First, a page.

As it stands, I feel as though the deck is fair. It needs something though to give it that little bit of spice. Truly good Ponzas should feel like they have something nummy going on that draws you into wanting to have it. Maybe there is some ingredient I’m missing that might make it just right… What do you think? What might that be?

Half a million words later: An afterward

Almost eleven years ago, I qualified for the Pro Tour with the Baron Harkonnen, the original Blue/Green Control deck that Eric “Dinosaur” Taylor then advocated was the first new deck archetype to appear in a long time. It was the beginning of a glorious time in a lot of ways. In the aftermath of that deck, a lot happened. I formed Cabal Rogue as a think tank of like-minded outside-the-box thinkers as a means to collect together some of the more creative people in the game. Around this time, many of us were individually gathering the notice of that old classic of Magic thinking and journalism, The Dojo (or, as it was known originally, The Magic Dojo), and I began some of my first high-profile writing about the game. My first piece was called “Crediting the Deck Designers,” yoinked by founder Frank Kusumoto from the internet at large as a feature article for “The Best of the Net.” Eventually, this would lead into actively written articles and columns that have been in nearly every English-language Magic publication that has ever been. (Thanks, Frank!)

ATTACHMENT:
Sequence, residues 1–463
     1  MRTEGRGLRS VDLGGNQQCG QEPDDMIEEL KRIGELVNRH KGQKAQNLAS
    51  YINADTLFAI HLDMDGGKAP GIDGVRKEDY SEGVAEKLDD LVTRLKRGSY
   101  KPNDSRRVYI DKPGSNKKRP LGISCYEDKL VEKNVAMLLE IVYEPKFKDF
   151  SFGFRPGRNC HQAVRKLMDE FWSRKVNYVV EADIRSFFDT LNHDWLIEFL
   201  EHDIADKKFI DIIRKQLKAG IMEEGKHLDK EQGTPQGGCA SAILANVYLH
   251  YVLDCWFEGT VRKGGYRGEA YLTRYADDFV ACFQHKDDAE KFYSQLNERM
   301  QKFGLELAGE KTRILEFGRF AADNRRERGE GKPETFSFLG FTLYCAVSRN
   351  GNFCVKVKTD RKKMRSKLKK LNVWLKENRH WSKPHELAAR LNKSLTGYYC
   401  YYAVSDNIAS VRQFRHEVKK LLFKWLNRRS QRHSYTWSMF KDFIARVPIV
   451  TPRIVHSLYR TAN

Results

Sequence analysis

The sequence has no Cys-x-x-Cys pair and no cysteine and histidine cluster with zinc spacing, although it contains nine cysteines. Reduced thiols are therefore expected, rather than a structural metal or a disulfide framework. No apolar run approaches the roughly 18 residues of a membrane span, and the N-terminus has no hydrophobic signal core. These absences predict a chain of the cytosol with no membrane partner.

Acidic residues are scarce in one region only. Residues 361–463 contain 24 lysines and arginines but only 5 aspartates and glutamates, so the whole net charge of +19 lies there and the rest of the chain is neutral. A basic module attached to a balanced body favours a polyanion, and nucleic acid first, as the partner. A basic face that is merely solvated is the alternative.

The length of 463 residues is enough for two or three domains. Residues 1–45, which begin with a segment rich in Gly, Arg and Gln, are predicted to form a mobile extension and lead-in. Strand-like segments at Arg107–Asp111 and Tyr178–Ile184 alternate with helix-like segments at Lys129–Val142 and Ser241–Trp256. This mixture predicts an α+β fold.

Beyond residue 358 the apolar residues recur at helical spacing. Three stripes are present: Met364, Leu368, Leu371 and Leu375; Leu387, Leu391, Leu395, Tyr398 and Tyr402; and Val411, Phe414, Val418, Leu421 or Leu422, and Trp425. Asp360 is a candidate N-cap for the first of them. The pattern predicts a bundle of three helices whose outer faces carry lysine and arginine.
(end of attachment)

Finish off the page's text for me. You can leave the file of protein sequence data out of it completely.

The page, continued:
The other day, one reader let me know that this column would mark my crossing over a big threshold: 500,000 words in my many articles. This revelation largely floored me. I don’t have the exact figures, but once I included my writing in various print magazines over the years along with work online, it does seem to be pretty likely. I just wanted to take this moment to share with you my pride in that accomplishment, and to thank all of you who have read my work since its early humble beginnings, those of you who are just discovering it now, and everyone in between.

After half a million words, I think I’m going to take a short rest. I’ll be back in a few weeks, but for now, I’m going to reward myself with some time, and enjoy it. I’ll see some of you this weekend, as I try to make a run on another PTQ and make it back to the Big Show again.

Thanks everybody!